Journal Article


F E Murray
D J Fitzgerald
T Walsh
L Cullen
M F Byrne
A A Shah



male pathology biosynthesis hydroxyeicosatetraenoic acids prostaglandin endoperoxide synthases prostaglandins pharmacology antagonists inhibitors 6 ketoprostaglandin f1 alpha isoenzymes membrane proteins nitrobenzenes helicobacter pylori cyclooxygenase 2 gastric mucosa n 2 cyclohexyloxy 4 nitrophenyl methanesulfonamide aspirin adult humans ptgs2 protein human female sulfonamides metabolism lipopolysaccharides enzymology helicobacter infections

Effect of H. pylori infection on the expression of cyclooxygenase-2 in human gastric mucosa. (2003)

Abstract Cyclooxygenase-1 is the primary isoform responsible for the production of cytoprotective prostaglandins (PGE(2) and PGI(2)) in the stomach. In contrast COX-2 is induced at the sites of inflammation. Using Helicobacter pylori infection as a model of inflammation, this study was designed to evaluate the effects of H. pylori infection on prostanoid synthesis and expression of COX-2 in human gastric mucosa. Prostaglandin (PGE(2)) and prostacyclin (PGI(2)) synthesis in gastric biopsies obtained from 21 patients undergoing diagnostic endoscopy, were determined. H. pylori was detected by CLO test, histology and culture. Biopsy samples were incubated either with NS-398, selective COX-2 inhibitor or aspirin. Samples were also treated with endotoxin (LPS) in order to induce COX-2 expression. Tissue was also analysed for COX-2 expression in vivo by immunohistochemistry. In 15 out of 21 patients, H. pylori was detected by at least two of the three methods. Higher levels of PGE(2) and PGI(2) were seen in patients infected with H. pylori (191+/-30 and 245+/-88ng/mg protein, respectively) compared with non-infected patients (77+/-17 and 120+/-36ng/mg protein, respectively). There was significant inhibition of PGE(2) and PGI(2) with aspirin in both H. pylori infected (28+/-6.6 and 53+/-43ng/mg, respectively) and in non-infected patients (16+/-7 and 12.5+/-3.5ng/mg protein, respectively). However, NS-398 and LPS did not alter prostaglandin function significantly. Immunohistochemistry in all patients irrespective of Hp status demonstrated expression of COX-2.Lower concentration of constitutive expression of COX-2 was detected in human gastric mucosa by immunohistochemistry, however, H. pylori infection failed to induce COX-2 protein. In addition, increased prostaglandin synthesis in Hp-infected patients appears to be COX-1 mediated rather than COX-2. Furthermore, failure of endotoxaemia-treated sample to produce more PGE(2) in the face of enhanced COX-2 expression in gastric mucosa further suggests that increased prostanoids in human gastric stomach are COX-1 mediated.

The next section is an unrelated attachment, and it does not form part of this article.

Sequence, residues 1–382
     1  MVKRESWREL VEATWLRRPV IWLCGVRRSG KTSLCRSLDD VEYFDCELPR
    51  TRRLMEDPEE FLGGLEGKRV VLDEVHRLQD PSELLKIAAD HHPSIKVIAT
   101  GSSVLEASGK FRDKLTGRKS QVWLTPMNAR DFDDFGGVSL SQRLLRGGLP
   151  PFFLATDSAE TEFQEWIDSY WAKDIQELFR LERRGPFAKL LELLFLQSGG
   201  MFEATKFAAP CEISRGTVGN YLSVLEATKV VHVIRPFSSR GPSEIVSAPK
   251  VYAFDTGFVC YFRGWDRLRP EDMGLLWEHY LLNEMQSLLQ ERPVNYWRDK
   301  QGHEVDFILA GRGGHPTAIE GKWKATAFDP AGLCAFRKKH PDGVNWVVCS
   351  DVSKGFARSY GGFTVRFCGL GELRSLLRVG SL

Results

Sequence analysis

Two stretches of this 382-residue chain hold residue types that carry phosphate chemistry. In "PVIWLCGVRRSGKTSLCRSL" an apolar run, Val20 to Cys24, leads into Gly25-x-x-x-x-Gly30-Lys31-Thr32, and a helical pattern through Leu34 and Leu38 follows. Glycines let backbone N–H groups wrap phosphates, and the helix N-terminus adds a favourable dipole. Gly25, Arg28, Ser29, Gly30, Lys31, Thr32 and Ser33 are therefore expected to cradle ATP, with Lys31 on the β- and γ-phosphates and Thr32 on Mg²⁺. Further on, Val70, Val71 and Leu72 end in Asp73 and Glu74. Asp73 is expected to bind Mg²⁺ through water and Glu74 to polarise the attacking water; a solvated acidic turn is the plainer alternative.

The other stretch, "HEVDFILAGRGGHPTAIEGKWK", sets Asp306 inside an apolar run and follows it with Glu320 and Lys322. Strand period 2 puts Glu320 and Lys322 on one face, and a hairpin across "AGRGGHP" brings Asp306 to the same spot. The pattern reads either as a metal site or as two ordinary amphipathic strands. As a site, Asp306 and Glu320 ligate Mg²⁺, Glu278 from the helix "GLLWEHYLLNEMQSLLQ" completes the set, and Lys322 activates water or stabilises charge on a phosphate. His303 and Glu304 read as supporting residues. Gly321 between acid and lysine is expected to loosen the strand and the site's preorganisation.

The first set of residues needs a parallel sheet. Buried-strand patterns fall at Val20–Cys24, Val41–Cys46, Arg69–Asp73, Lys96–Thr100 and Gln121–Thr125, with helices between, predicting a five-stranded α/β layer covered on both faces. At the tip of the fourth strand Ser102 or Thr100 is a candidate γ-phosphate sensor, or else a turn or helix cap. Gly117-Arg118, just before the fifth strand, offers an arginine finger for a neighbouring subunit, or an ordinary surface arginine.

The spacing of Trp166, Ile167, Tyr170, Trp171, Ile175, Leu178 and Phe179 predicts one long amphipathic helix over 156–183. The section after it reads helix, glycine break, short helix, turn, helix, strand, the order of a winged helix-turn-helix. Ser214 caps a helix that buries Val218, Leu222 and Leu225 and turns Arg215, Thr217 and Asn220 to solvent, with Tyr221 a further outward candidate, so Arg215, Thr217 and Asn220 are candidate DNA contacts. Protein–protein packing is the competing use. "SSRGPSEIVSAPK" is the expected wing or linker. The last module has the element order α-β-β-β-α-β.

Collections Ireland -> Royal College of Surgeons in Ireland -> PubMed

Full list of authors on original publication

F E Murray, D J Fitzgerald, T Walsh, L Cullen, M F Byrne, A A Shah

Experts in our system

F E Murray
Royal College of Surgeons in Ireland
D J Fitzgerald
Royal College of Surgeons in Ireland
Total Publications: 101